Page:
In the Name of the King: A Dungeon Siege Tale (2007) Review

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In the Name of the King: A Dungeon Siege Tale (2007)

~Review by Grawlix (April 2018)

Score: C

   So, in the interest of gaining some additional perspective after watching Warcraft, I decided to check out another sword and sorcery flick, somewhat lower on the critical totem pole. ItNotK:aDST (we’ll just call it Dungeon Siege from here on), was directed by the infamous Uwe Boll, perennial punching bag of film critics, video game fans, and virtually everyone in between. Though I’d seen bits of pieces of his other films, this might be the first time I’d watched one from beginning to end and I was determined to be impartial as possible.

   If you’ve ever wondered what a 60-million-dollar B-movie might look like, wonder no longer. Probably the most striking thing about Dungeon Siege is its pervading sense of cheapness. One might think that having two thirds the budget of LotR: Return of the King (and an additional four years of technology maturation) would produce a movie that’s at least two thirds as good, but one would apparently be mistaken. It’s hard to pinpoint the exact cause of this. We can start with the script, a steaming pile of trite clichés that screams first draft (supposedly it was rewritten extensively; I shudder to think what the actual first draft looked like). The cast, while containing a surprising number of recognizable names, seems to have been assembled largely based on availability (I doubt anyone rearranged their schedule to star in this) and for the most part, when they aren’t overacting, they’re emoting based on however they happened to feel at that given moment, though, to be fair, nobody alive could make some of those lines sound good (John Rhys-Davies, who also starred in the Lord of the Rings trilogy, gives one of the few consistently dignified performances).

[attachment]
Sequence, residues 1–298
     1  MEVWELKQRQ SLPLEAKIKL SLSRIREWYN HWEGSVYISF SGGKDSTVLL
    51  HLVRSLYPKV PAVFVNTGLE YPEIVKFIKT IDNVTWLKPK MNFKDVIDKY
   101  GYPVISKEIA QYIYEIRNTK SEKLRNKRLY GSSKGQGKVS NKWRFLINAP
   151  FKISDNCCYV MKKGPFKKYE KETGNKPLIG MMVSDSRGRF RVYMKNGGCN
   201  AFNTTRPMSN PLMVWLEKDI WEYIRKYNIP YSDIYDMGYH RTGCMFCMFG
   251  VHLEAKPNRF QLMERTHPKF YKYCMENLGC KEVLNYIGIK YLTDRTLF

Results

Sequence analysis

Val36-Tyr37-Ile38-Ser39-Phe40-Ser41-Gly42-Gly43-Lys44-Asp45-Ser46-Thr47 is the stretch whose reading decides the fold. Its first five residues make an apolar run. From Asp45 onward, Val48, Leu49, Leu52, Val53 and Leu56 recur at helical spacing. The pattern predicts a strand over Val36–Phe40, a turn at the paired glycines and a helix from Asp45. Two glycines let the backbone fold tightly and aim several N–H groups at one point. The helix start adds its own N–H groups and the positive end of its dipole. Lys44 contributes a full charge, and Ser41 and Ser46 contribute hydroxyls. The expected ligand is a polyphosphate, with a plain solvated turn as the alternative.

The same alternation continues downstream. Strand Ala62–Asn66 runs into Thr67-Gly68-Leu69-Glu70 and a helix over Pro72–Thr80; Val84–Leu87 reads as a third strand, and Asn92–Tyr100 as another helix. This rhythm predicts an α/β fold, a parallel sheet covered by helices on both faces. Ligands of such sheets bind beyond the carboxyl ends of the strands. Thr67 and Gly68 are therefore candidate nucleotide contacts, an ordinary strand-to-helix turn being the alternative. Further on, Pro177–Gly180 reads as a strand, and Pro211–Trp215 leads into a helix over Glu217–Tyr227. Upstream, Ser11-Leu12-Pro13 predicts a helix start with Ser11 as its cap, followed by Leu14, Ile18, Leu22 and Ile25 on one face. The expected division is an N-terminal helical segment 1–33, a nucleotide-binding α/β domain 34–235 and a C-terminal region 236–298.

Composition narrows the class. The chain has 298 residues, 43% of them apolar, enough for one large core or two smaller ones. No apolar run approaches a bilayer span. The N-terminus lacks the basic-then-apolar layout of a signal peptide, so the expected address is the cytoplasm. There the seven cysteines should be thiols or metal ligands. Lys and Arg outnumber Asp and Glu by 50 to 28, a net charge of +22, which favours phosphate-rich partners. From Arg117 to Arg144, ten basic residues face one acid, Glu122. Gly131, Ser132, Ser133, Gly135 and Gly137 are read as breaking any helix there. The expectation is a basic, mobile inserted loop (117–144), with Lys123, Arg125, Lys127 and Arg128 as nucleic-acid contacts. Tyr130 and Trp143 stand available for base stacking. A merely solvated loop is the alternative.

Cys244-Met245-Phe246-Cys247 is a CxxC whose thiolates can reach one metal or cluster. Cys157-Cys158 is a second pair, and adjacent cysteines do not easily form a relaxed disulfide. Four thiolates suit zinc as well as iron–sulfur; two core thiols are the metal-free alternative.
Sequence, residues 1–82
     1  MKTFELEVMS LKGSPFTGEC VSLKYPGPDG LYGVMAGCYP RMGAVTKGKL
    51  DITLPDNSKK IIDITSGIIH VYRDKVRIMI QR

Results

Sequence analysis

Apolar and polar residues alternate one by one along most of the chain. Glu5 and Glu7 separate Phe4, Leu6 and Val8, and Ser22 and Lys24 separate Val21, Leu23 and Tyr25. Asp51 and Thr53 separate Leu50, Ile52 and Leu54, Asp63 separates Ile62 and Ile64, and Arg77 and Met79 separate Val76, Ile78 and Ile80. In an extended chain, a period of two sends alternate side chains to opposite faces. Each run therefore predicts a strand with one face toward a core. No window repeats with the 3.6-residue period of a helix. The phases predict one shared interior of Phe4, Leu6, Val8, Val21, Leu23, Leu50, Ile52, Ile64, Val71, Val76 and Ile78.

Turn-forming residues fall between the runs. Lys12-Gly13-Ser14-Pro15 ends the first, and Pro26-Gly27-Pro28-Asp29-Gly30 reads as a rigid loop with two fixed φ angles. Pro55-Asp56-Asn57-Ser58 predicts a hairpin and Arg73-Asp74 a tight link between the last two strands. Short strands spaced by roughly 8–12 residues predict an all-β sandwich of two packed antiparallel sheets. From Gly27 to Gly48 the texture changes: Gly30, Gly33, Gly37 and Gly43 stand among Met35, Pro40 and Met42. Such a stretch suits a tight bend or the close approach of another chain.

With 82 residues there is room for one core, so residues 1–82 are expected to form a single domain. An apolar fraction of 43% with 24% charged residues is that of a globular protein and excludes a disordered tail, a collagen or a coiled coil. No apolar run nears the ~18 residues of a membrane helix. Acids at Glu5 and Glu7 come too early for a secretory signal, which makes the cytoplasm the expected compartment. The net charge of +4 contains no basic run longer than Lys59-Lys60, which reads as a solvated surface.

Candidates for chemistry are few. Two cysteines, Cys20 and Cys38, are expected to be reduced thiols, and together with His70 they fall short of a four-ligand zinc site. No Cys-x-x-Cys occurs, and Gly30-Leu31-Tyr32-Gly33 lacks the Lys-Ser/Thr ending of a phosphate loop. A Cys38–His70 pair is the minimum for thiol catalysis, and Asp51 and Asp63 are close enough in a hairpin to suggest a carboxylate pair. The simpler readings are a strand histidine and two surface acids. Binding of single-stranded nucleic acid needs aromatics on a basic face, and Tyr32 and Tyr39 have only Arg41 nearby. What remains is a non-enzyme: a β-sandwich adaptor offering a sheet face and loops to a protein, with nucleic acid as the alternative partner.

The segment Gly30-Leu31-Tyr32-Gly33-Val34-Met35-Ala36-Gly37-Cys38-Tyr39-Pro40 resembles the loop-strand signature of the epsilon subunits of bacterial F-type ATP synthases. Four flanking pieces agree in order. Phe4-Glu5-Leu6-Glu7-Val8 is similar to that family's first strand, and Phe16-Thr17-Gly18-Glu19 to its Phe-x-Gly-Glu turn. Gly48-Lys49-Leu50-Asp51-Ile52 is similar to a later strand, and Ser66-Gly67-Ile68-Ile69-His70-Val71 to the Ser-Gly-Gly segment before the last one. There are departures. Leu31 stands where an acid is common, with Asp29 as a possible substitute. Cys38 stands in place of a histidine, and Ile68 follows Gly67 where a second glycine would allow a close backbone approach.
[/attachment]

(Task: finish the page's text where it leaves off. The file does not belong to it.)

The action is… surprisingly entertaining. Most of the battle scenes are staged practically with little CGI and the Hong Kong based choreography is well suited to star, Jason Statham’s strengths. The Krug (think orcs) costumes look a bit too “suity”, mostly due to what appears to be a masks-over-makeup philosophy, but this is excused somewhat by knowing that there are actual people inside of them and the movie wisely chooses to avoid direct or sustained shots of the creature’s faces. The action scenes sometimes run a little too long and could be considered overdone in certain ways – the Cirque de Soleil style forest dwellers were an… inspired decision – but credit to the film for at least knowing its likely audience.

   Despite all the negative things I’ve written about Dungeon Siege, the movie was not the flaming train wreck that I’d been conditioned to expect. Factoring everything in, I’d call it aggressively mediocre. There are no sleeper performances here, but I wouldn’t say anyone’s stock dropped for the association either. Perhaps a more talented or respected director would’ve been able to build more out of the components (not to mention budget) used to create Dungeon Siege, but who can say? It’s faint praise, yes; the movie is ultimately forgettable. But considering that Boll’s efforts are usually memorable for all the wrong reasons, I’d consider that a win.

Final Score: C

Proof positive that throwing money at a problem will only get you so far. As an Uwe Boll film, it’s a triumph. As a film, it’s… watchable.


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